Georges Bataille (essay date 1957)
SOURCE: "De Sade's Sovereign Man," in Eroticism, Death and Sensuality, City Lights Books, 1986, pp. 164-76.
[A French novelist, philosopher, and critic who died in 1962, Bataille received considerable critical attention in France for his theories of eroticism and mysticism. He was among the first critics to undertake a serious study of Sade's writing and philosophy. In this excerpt from a book first published in French in 1957, Bataille considers the sexual excesses depicted in Sade's works in terms of a quest for absolute personal sovereignty.]
The Marquis de Sade's system perfects as much as it criticises a certain way of bringing the individual in to the full exercise of all his potentialities above the heads of the goggling crowd.…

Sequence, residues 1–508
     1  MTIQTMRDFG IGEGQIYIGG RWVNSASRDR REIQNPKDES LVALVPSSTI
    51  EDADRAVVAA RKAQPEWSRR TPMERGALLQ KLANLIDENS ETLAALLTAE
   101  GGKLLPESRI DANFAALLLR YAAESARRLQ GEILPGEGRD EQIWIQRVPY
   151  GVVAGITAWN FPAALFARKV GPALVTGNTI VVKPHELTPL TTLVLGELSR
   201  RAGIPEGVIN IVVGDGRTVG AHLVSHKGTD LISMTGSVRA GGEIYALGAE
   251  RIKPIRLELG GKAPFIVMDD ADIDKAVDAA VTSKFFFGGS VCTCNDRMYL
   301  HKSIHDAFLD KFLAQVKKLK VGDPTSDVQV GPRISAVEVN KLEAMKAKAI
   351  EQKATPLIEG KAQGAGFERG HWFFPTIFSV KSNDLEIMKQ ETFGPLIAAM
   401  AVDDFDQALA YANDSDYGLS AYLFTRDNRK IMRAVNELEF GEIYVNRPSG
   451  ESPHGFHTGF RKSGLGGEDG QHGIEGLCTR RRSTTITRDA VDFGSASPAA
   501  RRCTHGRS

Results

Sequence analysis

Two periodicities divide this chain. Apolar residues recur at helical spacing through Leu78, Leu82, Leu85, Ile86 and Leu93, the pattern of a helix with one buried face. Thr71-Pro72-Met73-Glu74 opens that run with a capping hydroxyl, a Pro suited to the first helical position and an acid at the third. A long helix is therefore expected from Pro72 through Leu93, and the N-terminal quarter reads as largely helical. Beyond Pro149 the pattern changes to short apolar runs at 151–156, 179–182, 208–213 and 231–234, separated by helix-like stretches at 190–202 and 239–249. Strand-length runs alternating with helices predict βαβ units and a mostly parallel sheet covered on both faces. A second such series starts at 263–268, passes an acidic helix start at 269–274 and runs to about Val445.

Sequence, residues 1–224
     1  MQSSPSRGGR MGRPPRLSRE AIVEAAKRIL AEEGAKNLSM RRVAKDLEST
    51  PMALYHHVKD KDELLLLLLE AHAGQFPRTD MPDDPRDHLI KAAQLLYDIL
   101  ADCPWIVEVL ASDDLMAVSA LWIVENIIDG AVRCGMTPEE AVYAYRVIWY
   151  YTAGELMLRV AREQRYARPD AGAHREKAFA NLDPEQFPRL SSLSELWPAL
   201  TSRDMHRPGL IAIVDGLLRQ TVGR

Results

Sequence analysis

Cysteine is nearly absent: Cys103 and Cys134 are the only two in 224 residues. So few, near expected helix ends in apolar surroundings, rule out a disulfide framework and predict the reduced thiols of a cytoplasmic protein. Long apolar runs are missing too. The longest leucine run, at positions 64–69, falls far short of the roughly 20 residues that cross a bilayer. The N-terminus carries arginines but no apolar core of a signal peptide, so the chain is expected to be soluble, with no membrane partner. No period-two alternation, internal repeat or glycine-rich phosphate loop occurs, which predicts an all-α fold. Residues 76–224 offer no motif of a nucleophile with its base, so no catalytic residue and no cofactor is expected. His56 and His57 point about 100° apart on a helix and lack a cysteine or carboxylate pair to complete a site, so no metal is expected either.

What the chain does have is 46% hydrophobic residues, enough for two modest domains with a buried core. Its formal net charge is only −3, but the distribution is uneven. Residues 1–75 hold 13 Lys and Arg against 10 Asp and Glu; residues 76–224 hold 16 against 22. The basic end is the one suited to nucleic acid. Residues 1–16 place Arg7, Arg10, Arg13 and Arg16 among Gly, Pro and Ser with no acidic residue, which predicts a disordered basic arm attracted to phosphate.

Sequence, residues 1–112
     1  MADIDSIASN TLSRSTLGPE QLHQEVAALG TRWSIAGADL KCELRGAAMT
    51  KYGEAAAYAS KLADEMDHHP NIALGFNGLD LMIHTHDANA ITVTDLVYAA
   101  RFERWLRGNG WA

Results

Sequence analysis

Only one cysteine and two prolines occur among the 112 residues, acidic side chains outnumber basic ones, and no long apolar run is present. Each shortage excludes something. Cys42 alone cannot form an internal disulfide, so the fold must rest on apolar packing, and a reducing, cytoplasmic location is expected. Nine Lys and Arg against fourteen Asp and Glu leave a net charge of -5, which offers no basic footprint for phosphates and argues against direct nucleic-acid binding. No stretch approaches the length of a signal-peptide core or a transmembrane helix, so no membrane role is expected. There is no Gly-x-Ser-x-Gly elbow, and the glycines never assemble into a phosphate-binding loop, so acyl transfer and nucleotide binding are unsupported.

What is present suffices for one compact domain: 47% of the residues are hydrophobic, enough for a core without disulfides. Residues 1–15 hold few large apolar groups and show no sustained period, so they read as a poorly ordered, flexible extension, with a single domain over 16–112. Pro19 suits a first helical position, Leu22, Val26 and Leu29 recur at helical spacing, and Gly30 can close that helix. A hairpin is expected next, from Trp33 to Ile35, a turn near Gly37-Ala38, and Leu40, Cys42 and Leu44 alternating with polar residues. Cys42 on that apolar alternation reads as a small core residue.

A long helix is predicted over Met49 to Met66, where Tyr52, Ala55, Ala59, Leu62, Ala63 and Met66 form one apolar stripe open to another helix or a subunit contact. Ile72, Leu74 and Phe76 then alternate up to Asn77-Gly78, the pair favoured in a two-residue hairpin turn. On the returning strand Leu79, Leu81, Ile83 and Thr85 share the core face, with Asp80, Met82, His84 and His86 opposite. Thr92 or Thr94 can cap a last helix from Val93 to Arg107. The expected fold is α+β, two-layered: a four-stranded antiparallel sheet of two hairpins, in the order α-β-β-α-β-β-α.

The events of de Sade's real life lead one to suspect an element of braggadocio in his insistence on sovereignty seen as a denial of the rights and feelings of others. But the boasting was essential if he was to work out a system completely free from human weakness. In his life de Sade took other people into account, but his conception of fulfilment worked over and over in his lonely cell led him to deny outright the claims of other people. The Bastille was a desert; his writing was the only outlet for his passions and in it he pushed back the limits of what was possible beyond the craziest dreams ever framed by man. These books distilled in prison have given us a true picture of a man for whom other people did not count at all.
De Sade's morality, says Maurice Blanchot [in Lautréamont et Sade, 1949]